Parker: R.I.P., DNC?
JACKSONVILLE, Ala. – If the Democratic Party is ailing after losing the presidency to Donald Trump, state parties are on life support.
Here in the long-ago Democratic stronghold of Alabama, the party is all but dead, say some of its disheartened members. Consider: Not a single statewide office is held by a Democrat; the state Legislature is dominated by Republicans with just 33 Democrats out of 105 House seats and eight of 35 Senate seats.
Democrats haven't won a U.S. Senate election in the state since 1992 or the governorship since 1998. There are no Democratic appellate judges, nor any Democratic members of the state's Public Service Commission. Democrats also are becoming scarcer in county offices.
"The Democratic Party in Alabama is on a crash-and-burn track unless something drastic happens to stop this runaway train," according to Sheila Gilbert, chair of the Calhoun County Democrats, who hand-delivered a letter outlining the party's problems following a speech I gave at Jacksonville State University as the Ayers lecturer.
The letter was signed by Gilbert as a leader of the Alabama Democratic Reform Caucus, or ADRC, and 17 other members in attendance. The group, which formed two years ago to try to help revive the state party, wasn't coy about its reason for approaching me.
"We need a spotlight on Alabama and some outside effort to avoid becoming a totally one-party state," Gilbert said.
I didn't bother to mention that the current U.S. attorney general, former Alabama Sen. Jeff Sessions, was shining quite a spotlight on their home state. Whether Sessions is forced to resign after already recusing himself from any investigation into Russia's role in the 2016 election campaign remains to be seen. The fall of such a high-profile Republican could be useful to Democrats back home trying to defibrillate the party.
But Gilbert's group has been critical of state Democratic Party officials for missing an opportunity to recruit candidates when other Republican politicians were in trouble, including the governor and House speaker. A recent meeting of county and state party leaders reportedly became heated, as when state Chairwoman Nancy Worley offered to call police to escort one county chairman from the room — and may be emblematic more broadly of the party's disintegration from within.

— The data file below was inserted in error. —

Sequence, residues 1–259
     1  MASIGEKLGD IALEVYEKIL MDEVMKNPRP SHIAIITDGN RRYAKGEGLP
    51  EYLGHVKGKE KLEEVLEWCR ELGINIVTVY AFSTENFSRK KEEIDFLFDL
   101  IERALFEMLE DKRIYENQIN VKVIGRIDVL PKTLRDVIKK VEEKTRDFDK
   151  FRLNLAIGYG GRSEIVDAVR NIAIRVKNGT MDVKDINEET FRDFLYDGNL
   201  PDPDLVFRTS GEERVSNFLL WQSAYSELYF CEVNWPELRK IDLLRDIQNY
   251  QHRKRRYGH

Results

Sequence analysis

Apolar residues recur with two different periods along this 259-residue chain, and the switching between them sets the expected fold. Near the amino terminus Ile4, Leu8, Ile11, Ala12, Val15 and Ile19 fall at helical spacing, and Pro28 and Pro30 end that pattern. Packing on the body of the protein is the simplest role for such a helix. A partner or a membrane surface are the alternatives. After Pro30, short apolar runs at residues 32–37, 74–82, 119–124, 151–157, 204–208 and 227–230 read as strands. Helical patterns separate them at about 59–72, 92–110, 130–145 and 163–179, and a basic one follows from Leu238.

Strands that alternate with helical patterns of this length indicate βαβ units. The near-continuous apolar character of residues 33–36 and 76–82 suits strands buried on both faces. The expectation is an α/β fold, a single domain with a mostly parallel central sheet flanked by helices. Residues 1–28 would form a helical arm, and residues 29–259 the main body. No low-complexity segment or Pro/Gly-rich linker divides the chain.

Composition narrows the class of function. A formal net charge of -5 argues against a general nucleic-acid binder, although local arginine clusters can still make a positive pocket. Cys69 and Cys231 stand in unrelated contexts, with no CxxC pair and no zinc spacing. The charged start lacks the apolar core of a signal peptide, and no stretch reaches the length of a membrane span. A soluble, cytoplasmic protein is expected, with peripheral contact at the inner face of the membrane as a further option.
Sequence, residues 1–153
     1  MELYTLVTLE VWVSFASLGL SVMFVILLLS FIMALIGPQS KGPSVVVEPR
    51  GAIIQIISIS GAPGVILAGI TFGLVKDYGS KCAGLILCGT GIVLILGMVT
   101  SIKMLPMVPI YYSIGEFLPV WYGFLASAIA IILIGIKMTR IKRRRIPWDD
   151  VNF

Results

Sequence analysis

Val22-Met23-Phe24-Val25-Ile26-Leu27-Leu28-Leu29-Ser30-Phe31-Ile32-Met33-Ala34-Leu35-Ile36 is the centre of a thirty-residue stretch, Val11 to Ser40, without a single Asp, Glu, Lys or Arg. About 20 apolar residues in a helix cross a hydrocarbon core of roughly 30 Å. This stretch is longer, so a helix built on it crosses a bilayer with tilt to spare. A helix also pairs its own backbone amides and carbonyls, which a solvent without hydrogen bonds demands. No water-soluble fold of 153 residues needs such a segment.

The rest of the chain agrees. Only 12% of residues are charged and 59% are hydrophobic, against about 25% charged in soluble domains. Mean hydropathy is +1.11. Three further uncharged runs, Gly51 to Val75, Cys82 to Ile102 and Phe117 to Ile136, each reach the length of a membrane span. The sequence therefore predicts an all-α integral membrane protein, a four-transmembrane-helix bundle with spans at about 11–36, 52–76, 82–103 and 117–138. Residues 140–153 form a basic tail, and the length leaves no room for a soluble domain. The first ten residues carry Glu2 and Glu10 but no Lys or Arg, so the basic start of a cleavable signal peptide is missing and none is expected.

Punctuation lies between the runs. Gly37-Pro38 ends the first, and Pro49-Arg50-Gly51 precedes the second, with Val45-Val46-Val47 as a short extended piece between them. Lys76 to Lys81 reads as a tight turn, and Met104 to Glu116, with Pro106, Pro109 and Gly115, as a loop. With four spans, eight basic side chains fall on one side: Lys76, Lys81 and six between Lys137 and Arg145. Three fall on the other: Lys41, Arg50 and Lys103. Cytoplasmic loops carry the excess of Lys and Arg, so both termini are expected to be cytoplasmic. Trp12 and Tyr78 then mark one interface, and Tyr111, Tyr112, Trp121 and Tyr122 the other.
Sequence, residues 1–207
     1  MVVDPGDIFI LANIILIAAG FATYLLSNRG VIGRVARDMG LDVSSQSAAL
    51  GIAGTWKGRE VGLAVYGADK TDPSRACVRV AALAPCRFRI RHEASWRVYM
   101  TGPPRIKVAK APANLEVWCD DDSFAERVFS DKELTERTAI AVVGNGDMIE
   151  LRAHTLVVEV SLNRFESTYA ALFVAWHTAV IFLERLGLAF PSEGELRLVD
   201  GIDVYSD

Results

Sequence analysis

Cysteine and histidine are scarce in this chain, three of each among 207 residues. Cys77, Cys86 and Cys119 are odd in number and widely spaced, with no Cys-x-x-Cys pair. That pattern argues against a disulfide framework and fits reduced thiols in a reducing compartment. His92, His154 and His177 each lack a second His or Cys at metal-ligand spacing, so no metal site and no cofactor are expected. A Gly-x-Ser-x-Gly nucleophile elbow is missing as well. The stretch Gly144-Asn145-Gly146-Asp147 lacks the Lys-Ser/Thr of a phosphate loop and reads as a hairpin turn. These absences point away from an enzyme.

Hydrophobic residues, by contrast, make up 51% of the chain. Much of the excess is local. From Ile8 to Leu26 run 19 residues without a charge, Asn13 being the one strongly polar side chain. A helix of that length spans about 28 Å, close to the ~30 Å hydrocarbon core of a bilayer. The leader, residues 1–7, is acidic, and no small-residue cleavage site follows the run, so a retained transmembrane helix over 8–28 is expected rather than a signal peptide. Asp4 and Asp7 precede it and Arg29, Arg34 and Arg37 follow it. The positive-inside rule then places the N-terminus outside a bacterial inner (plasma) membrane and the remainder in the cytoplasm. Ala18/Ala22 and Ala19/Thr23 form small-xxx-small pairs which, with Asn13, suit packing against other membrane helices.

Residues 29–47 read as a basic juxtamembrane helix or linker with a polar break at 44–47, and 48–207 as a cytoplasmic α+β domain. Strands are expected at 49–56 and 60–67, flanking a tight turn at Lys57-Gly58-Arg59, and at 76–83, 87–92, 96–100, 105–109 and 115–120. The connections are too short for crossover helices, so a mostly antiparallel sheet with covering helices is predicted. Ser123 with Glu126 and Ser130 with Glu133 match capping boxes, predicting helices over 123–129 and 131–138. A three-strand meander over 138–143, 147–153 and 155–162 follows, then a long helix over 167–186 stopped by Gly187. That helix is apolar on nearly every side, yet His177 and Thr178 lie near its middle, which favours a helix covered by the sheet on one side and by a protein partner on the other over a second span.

The GOP went through this same sort of infighting and navel-gazing on the national level several years back. After losing the presidency to Barack Obama in 2008, it regrouped, reformed itself, became disciplined and has taken the House, Senate, the White House and most of the nation's governorships, while also successfully gerrymandering congressional districts that have given Republicans the advantage in many states — at least until the next redistricting in 2020.
Democrats are readying themselves for that fight, but they'll need to do more than try to redraw the map. While Democrats were basking in Obama's sunny smile, Republicans were busy building benches of future leaders, especially at the state attorney general level, where they are now in the majority. The strategy has been to recruit and help elect strong attorneys general who could be groomed to become governors, senators — and possibly president.
What, meanwhile, can Democrats do, a fellow in the audience asked me. There was a plaintive tone in his voice and I wanted to help, though the truth is, I'm not accustomed to Democrats asking my advice. But in the spirit of "it takes two to tango" — and the fact that I'd rather not live in a country exclusively run by either party — I'll give it a fresh, morning-after stab.
What's really ailing Democrats is they've fallen in love with abstract principles, as reflected on an ADRC handout, without building a foundation where such goals as fair pay, transparency, diversity and such can be played out. Trump may have been coarse and loose at times during the campaign, but he spoke in plain language with plain meaning: Jobs, jobs, jobs.
Whether Trump can fix trade, create jobs and make money for the rest of us was a gamble people were willing to take. Fixing the economy was Obama's mandate, too, but he decided to focus on health care instead. This is where lust for legacy interferes with good governance. Obama did manage to help turn the economic steamship around — the market bounced from just under 8,000 when he took office to nearly 20,000 — but Wall Street's recovery didn't trickle down to the middle class, where Trump planted his flag.
When in doubt, look to the victor.
Kathleen Parker is a columnist for The Washington Post.